A man who appeared at a recent sitting of Longford Circuit Court charged under the Theft & Fraud Offences Act was sentenced to three years in prison which the judge subsequently suspended for seven years, following a hearing into the matter.
Paul Kenny (41), Kilbride, Abbeylara, Co Longford appeared before Judge Keenan Johnson charged with four counts of theft and deception from Ulster Bank, Edgeworthstown on dates between June 1, 2013 and December 12, 2014.
The court heard that in June 2015, Kathleen Edgar - sister of the defendant’s father - went to the Ulster Bank in Edgeworthstown to withdraw a sum of money from her account.
When she arrived there, the elderly lady discovered that there was no funds in her account and the clerk on duty noticed there were cheques missing from Ms Edgar’s cheque book.
The matter was subsequently reported to the Gardaí.
The court was told that a garda investigation into the matter immediately ensued and Mr Kenny was arrested in connection with the incident and interviewed.
Judge Johnson heard that the defendant made “full and frank admissions” during interview and he had fully cooperated with the Garda investigation.
Garda Frank Fallon, investigating officer then told the court in his direct evidence that the defendant had stolen a total of €8,020.50 from his aunt.
“Sums of money had been withdrawn on various dates between 2013 and 2014 from the Ulster Bank,” he continued, before pointing out that the bank subsequently reimbursed Ms Edgar so that she was no longer at a loss.
Garda Fallon went on to say that on June 1, 2014 a complaint was made to him by Ms Edgar who had her suspicions about Mr Kenny, whom she said had been doing odd jobs around her house.
“The cheques had been made out to various people including William Kenny and Grainne Kenny; the defendant was making out the cheques himself and then going to McBrien’s Supermarket in Granard, cashing the cheques and then receiving the money.
Staff at the local store never became suspicious because the defendant was well known to them, the court was told.
“The family would have been known by the McBrien’s so they were not in any way suspicious,” the Garda clarified.
Meanwhile, Garda Fallon went on to say that the defendant had “duped” a number of parties as members of his own family thought the cheques were legitimate because they were being lodged to two accounts.
“Mr Kenny said he was genuinely sorry for what he had done; he said that he had taken to the drink after the death of his mother and the money was used for that,” he added.
In her Victim Impact Statement, Kathleen Edgar said that when she discovered she had no money in her bank account she was “in fear”.
She also said the breach of trust caused by her nephew had been devastating for her.
“I would never trust any family member ever again; I want him to get convicted for stealing my money,” she continued.
“I have been depressed since this happened.”
Meanwhile, the court was told that McBrien’s Supermarket also suffered a loss of €300 at the hands of Mr Kenny, however, that money had been reimbursed last November.
In mitigation, counsel for the defendant, Mr Niall Flynn said that the offence before the court had not been in any way sophisticated.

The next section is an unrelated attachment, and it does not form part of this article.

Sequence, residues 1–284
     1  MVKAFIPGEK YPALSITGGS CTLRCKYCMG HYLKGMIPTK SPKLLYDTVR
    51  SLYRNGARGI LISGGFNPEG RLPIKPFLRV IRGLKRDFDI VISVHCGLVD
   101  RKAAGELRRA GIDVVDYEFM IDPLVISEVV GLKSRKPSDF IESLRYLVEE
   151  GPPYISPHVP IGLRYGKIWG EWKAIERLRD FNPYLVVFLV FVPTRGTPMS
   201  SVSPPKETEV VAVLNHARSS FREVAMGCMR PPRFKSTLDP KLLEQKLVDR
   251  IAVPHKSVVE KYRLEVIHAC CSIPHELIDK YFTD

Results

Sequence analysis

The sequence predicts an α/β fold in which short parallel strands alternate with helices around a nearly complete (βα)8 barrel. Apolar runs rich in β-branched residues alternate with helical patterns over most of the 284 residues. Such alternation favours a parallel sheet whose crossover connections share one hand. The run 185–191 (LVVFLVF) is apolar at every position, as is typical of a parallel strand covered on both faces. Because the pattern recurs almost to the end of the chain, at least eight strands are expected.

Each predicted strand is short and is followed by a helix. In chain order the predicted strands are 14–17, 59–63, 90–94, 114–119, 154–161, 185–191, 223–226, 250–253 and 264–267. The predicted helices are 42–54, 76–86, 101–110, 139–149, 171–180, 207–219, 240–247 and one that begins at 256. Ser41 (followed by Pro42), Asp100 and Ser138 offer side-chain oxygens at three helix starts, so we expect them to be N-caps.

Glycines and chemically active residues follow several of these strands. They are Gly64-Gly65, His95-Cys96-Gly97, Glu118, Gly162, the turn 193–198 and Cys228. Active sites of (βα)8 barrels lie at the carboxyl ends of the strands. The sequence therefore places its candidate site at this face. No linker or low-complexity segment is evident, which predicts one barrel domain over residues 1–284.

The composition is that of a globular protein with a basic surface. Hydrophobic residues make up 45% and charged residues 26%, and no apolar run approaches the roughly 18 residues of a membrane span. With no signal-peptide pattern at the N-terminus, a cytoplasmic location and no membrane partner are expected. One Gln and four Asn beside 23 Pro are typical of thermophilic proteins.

“Mr Kenny saw a cheque book and was opportunistic - he was writing cheques and then cashing them at the local supermarket in Granard,” Mr Flynn continued.
“There has been a breach of trust by Mr Kenny on his aunt and there is not a whole lot I can say to undo that.
“He is genuinely remorseful for what he did; his aunt is an elderly lady whom he took advantage of.”
The court went on to hear that the defendant’s mother died five years ago from cancer and up until that point, Mr Kenny had led an “unblemished life”.
“After his mother died he turned to alcohol,” continued Mr Flynn, before pointing to the fact that it was this that had led the defendant to doing what he did to his aunt.
“The money was restored to Ms Edgar’s account and that is some comfort to her.
“Mr Kenny is well known in the Abbeylara/Granard area as he grew up there and has lived in the area all his life.
“He is unable to read or write; he has had very little schooling and has not had the same opportunities as other people may have had.”
The court was then told that Mr Kenny was in receipt of €193 per week and had already compensated the McBrien’s with €300.
“The probation report indicates that my client is of limited intelligence,” added Mr Flynn.
Meanwhile, Judge Johnson said that Ms Edgar was “disturbed” after what Mr Kenny did to her.
“This was a very mean offence on an elderly lady,” he continued.
“She believed there was a conspiracy by the Kenny family against her; I think it would be important for Garda Fallon to speak to Ms Edgar about this and perhaps reassure her.”
The Judge went on to say that Mr Kenny had stolen €8,000 from his aunt and while Ulster Bank had reimbursed her, the bank was now at a loss as a result of that, and should therefore, be compensated.
“This offence is a very serious breach of trust and Ms Edgar’s whole world has changed as a result of what was done to her,” he added.
“Mr Kenny stole 31 cheques from his aunt over time and this indicates that there was a certain level of premeditation.”
Judge Johnson subsequently sentenced Mr Kenny to three years in prison which he then suspended for seven years on the grounds that the defendant enter a bond to keep the peace and be of good behaviour.
Mr Kenny was also sentenced to 240 hours community service, if he is determined suitable, and ordered to pay €8,000 to Ulster Bank by annual instalments of €1,500 payable on March 1, 2018 and to continue annually until the total amount has been reimbursed.
“This man stole money from his aunt to fund his drinking; it was a mean offence on an elderly lady,” Judge Johnson concluded.